Google’s Android operating system may come with a web browser (or two) pre-loaded, depending on the device and software version. But that hasn’t stopped developers from offering third-party browsers such as Dolphin, Opera, and Firefox.

In fact, Mozilla says it’s Firefox web browser for Android has been downloaded over 100 million times.

A few years ago the browser was kind of clunky and slow. But I’ve actually been using Firefox as the default browser on my phone for the past year or two because, unlike Google Chrome for Android, Firefox supports third-party add-ons such as the LastPass password manager. The browser itself is speedy, easy-to-use, and offers a strong set of features including desktop mode, private browsing, save as PDF, and more. But support for a wide range of existing add-ons might the browser’s killer feature.

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11 replies on “Lilbits (4-09-2015): Firefox for Android surpasses 100 million downloads”

  1. Been using Firefox on desktops and laptops for ages. Just started using Firefox on my smartphone a few months ago. I also have Dolphin installed but rarely use it.

  2. Latest Firefox (37.0.1) crashes sometimes, but it is pretty good otherwise. Fairly quick. The one thing FF for Android needs badly is more manageable bookmarks. Now all your bookmarks just pile up in one big heap that you cannot organize.

  3. If you want Flash on a Android device you HAVE to use something other than Chrome. It’s no surprise that most people would chose Firefox.

    1. Out of curiosity where still uses flash? I haven’t knowingly used it since youtube, iplayer etc dropped it which has to be a few years now.

      1. Youtube never dropped Flash… they’re just developing their own alternative system based on HTML5 and for the last few years it was in Beta but is finally reaching final stages…

        Netflix still uses Flash for desktop users, Amazon Instant Video is Flash based… Most of the web really…

        You just may not notice because they can also switch to HTML5 or another alternative video streaming technology and if they do it right then you won’t even notice the switch… Flash based media servers can even switch to stream different types of video streams to end users…

        Chrome uses it’s own version of Flash, not fully compatible but usually works… Android browsers like Flashfox have built in Flash support…

        There’s also apps developed with Flash… Even Android still has apps developed with Adobe AIr, which means Flash is involved… While Flash is a lot more than just a media streamer tool… Everything from app development, to web animations, to games, etc are applications Flash can be used for…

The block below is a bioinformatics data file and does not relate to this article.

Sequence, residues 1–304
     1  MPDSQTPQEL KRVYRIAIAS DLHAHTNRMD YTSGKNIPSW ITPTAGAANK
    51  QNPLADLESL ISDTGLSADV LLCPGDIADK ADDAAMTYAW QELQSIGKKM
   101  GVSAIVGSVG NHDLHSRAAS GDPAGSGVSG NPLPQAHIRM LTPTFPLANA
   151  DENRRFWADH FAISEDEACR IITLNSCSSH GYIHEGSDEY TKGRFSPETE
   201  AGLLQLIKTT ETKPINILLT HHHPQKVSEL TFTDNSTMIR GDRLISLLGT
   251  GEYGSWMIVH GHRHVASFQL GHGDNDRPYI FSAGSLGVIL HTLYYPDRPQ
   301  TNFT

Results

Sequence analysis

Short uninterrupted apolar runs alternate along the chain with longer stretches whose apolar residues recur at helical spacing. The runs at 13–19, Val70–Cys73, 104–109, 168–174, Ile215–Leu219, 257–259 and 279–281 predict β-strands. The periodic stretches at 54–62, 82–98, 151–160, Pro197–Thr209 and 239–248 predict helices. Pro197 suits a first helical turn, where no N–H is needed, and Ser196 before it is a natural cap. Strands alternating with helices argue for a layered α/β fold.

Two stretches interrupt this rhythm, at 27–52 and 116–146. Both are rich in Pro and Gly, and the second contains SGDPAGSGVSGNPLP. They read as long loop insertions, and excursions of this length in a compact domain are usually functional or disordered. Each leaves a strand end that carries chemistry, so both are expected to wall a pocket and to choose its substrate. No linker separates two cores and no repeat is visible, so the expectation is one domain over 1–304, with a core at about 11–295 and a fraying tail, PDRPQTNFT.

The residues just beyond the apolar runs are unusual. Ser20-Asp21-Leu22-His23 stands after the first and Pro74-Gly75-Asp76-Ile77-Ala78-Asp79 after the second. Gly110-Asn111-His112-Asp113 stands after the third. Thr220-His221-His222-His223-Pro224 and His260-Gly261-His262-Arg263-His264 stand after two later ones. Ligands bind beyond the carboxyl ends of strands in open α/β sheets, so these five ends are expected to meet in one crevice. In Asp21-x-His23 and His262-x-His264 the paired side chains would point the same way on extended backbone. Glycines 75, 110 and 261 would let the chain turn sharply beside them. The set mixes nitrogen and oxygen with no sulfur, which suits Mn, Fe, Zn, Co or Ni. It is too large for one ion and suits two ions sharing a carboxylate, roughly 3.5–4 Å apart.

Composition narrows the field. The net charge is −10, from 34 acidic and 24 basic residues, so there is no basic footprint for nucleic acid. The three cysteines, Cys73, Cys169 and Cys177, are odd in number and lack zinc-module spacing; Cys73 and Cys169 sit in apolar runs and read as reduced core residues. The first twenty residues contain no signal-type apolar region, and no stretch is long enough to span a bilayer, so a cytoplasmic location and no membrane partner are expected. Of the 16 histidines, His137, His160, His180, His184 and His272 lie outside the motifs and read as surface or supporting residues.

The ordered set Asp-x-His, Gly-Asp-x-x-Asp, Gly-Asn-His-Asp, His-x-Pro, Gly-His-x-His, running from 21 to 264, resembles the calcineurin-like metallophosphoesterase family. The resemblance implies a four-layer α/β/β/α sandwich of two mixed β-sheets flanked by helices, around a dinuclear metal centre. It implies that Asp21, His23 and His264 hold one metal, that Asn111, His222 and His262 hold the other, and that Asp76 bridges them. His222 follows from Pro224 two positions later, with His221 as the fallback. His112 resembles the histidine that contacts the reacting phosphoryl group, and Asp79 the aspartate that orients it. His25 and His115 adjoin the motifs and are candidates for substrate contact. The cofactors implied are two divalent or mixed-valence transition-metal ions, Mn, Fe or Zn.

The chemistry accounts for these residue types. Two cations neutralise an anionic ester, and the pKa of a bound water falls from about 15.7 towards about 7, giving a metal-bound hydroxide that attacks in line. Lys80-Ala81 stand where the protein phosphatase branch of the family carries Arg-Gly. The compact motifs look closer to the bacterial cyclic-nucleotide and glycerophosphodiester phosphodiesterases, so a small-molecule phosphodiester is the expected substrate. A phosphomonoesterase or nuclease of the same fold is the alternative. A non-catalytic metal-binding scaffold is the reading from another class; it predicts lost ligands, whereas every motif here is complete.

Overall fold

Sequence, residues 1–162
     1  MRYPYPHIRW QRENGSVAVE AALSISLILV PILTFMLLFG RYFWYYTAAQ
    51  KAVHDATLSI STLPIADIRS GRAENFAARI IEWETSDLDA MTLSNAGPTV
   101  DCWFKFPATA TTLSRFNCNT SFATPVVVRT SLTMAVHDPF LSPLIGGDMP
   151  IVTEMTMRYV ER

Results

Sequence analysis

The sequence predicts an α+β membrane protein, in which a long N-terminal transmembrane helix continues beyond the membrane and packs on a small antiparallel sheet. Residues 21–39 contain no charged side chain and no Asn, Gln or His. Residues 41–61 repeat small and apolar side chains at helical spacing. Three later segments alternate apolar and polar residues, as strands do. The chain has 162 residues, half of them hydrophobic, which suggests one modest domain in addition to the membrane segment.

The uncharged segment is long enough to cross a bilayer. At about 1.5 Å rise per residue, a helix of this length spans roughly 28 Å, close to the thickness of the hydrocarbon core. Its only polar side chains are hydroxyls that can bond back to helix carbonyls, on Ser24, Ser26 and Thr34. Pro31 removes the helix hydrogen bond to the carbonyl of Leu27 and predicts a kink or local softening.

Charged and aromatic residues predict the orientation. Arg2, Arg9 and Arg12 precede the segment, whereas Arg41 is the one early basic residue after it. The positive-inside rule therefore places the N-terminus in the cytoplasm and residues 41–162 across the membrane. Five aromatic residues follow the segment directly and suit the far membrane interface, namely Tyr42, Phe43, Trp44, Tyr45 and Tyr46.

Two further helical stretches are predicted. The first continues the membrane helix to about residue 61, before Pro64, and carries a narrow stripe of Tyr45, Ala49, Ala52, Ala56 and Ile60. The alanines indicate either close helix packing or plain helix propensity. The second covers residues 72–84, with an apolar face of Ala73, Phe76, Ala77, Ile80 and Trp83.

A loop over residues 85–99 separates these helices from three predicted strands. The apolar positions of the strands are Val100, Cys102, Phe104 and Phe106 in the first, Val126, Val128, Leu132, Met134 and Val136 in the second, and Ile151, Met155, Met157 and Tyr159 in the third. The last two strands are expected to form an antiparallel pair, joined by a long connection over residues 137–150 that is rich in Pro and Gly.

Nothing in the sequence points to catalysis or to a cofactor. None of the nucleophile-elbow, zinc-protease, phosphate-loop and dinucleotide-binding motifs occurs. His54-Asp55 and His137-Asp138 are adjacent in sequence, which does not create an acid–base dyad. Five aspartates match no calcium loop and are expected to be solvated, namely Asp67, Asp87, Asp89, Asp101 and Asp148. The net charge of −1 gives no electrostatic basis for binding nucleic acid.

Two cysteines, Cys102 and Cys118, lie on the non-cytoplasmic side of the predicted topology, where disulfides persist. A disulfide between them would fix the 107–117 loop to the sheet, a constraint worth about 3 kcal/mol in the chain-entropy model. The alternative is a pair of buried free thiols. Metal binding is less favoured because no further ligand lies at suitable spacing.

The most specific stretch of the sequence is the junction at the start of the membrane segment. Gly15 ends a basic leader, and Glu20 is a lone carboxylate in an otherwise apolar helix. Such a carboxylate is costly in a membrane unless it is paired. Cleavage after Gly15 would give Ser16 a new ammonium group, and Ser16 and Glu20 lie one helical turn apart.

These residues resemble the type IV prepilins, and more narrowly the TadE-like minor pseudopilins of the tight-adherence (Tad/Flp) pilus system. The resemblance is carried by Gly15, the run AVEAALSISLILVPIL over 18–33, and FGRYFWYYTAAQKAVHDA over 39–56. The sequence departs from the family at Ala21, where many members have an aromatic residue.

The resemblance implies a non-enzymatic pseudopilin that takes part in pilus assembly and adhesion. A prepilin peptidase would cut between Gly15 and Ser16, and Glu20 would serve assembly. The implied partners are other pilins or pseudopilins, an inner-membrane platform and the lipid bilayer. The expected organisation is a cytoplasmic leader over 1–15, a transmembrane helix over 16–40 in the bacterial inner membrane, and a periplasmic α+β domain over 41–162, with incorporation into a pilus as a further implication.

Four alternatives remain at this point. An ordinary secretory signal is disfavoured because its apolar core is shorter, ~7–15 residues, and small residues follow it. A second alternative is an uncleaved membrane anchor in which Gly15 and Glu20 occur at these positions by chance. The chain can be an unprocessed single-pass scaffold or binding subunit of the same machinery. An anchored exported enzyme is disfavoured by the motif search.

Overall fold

Problem for HTML5 was it’s still early stages, much of the talk about HTML5 taking over took place when HTML5 wasn’t even finalized… Also, much of the discussions ignored that despite Flash’s list of issues it still had years of development that allowed it to be applied to far more complex applications than HTML5 could yet and there was still things HTML5 couldn’t do yet that prevent Flash from just being dropped…

        Only very recently has issues like dealing with DRM protection been addressed for HTML5 and yet we’re still waiting for Netflix to convert…

        While we may still have to wait for the next version of HTML or future revision before we can finally put Flash behind up but for now Flash still dominates the Internet and the alternatives mainly just mean you don’t necessarily run into it everyday, after all no one browses the entire web, but you also may not even realize you had…

      2. Twitch still uses Flash exclusively, though they have been promising HTML5 for a while already. And, I believe many of those illegal streaming sites still use it — not that I would know anything about that, of course…

  4. Still using Chrome, it does drain battery alot. Is their away to sync chrome tabs with Firefox? I know Firefox has their own sync but prefer chrome on desktop.
    What’s difference between Firefox and flashfox?

    1. Check out Xmarks for syncing bookmarks and tabs between different browsers and device platforms…

      While Flashfox browser basically gives you the Flash support out of the box… While a normal Firefox installation means you’d need the Flash Plug-in installed separately…

  5. I wonder how well Firefox for Android would work on a Chromebook via ARC.

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